Document Type

Article

Publication Date

10-1-2005

Department

Biological Sciences

Abstract

Quantifying patterns of temporal or spatial change in community structure is critical for assessing the impact of disturbances on biological systems and the stability of ecosystems. Detecting change in communities can be problematic, however, because of the inherent variability of systems and limitations of commonly used methods, such as similarity indices and ordination that do not explicitly test a hypothesis. Here we present empirical data to show a strong relationship between species mean abundance and variability across three, broad taxonomic groups (plants, zooplankton, and fish). These statistical relationships were then used to construct null models of expected community variability that were used to test against the observed temporal change of these communities, We evaluated the ability of this approach to detect significant temporal change above that associated with random variation with nine communities (three Midwestern stream fish, three north temperate zooplankton, and three tallgrass prairie plant), each having long-term data sets and different expected levels of change. Nonrandom change was detected in 21.3% of samples from the expected low-change communities, 52.6% in moderately changed communities, and 60.4% in high-change communities. Thus, this approach was effective in detecting change over time in those communities expected to change most. By using empirical relationships between species abundance and variability, this null model approach provides ecologists and resource managers an objective tool, which can be used along- with existing community indices and statistical techniques to assess the type and magnitude of community change with limited data sets.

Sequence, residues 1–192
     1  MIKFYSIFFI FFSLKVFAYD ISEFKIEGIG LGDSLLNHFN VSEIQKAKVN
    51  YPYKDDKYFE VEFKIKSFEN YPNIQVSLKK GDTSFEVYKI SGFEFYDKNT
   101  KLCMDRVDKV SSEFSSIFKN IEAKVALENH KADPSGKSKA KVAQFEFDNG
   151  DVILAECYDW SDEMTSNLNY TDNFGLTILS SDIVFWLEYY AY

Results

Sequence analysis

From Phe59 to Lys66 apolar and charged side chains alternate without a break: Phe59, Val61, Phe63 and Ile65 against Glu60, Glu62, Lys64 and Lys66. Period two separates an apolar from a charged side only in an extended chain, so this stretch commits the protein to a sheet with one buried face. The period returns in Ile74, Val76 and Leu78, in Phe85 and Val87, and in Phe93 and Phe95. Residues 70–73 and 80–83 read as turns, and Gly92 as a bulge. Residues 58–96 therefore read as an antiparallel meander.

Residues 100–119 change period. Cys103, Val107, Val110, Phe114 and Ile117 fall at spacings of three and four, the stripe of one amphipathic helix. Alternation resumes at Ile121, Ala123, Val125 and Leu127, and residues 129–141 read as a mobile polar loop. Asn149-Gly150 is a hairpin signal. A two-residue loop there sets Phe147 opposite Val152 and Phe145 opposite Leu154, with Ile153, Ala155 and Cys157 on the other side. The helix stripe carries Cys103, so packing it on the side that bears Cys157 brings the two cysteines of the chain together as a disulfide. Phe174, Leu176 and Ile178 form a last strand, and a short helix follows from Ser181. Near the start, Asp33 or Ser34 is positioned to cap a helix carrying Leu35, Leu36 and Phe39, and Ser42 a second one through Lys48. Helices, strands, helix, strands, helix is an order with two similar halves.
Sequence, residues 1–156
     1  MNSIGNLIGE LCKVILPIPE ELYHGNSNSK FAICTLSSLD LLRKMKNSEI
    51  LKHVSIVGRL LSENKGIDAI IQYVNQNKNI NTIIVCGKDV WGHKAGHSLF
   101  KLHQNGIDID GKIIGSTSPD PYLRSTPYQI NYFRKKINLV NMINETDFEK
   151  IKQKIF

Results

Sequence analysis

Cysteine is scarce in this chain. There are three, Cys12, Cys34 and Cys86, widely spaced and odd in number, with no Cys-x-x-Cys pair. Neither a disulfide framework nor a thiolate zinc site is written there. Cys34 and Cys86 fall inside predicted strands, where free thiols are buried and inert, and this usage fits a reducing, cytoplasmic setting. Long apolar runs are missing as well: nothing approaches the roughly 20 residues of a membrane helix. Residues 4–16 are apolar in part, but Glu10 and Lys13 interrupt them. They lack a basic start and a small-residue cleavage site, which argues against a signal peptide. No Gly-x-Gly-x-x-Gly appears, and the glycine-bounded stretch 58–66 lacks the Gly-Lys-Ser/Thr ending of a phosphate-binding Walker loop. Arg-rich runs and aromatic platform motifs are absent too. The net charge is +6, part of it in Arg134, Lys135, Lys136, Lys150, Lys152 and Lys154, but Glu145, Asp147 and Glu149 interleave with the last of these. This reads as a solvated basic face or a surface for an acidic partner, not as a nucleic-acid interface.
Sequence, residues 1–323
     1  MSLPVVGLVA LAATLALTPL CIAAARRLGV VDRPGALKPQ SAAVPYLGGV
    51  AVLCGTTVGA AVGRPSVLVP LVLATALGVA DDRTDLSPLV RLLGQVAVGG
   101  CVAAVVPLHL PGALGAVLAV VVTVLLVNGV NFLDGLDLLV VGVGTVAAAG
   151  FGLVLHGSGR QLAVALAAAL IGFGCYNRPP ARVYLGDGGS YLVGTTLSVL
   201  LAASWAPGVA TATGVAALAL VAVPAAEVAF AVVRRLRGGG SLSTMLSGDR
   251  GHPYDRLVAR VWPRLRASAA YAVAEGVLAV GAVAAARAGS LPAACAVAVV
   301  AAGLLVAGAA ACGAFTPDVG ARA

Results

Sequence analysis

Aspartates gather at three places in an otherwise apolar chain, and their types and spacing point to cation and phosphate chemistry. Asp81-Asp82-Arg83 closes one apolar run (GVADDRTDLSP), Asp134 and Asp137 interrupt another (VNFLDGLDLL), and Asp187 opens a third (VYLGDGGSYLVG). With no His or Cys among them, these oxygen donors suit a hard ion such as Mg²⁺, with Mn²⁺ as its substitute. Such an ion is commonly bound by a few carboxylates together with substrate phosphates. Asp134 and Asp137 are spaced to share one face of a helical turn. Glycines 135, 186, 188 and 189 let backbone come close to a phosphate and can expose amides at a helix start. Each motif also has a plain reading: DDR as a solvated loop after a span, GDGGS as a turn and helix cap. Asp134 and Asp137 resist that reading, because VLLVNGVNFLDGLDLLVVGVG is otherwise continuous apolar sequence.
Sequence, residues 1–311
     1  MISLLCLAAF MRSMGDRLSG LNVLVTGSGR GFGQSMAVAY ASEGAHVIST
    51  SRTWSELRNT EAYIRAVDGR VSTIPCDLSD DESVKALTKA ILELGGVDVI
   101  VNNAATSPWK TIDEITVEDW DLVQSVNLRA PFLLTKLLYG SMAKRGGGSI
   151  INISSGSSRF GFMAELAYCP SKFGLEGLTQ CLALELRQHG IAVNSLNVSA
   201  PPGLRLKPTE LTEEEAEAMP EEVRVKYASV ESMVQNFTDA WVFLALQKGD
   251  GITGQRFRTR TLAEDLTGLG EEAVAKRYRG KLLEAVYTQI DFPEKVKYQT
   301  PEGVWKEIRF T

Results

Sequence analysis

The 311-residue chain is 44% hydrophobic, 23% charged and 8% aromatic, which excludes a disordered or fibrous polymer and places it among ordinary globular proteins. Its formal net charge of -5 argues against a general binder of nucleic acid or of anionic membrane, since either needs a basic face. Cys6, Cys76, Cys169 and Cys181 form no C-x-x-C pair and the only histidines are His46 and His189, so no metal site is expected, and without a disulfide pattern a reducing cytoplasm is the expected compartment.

Comments

Copyright by the Ecological Society of America

Publication Title

Ecological Applications

Volume

15

Issue

5

First Page

1761

Last Page

1771

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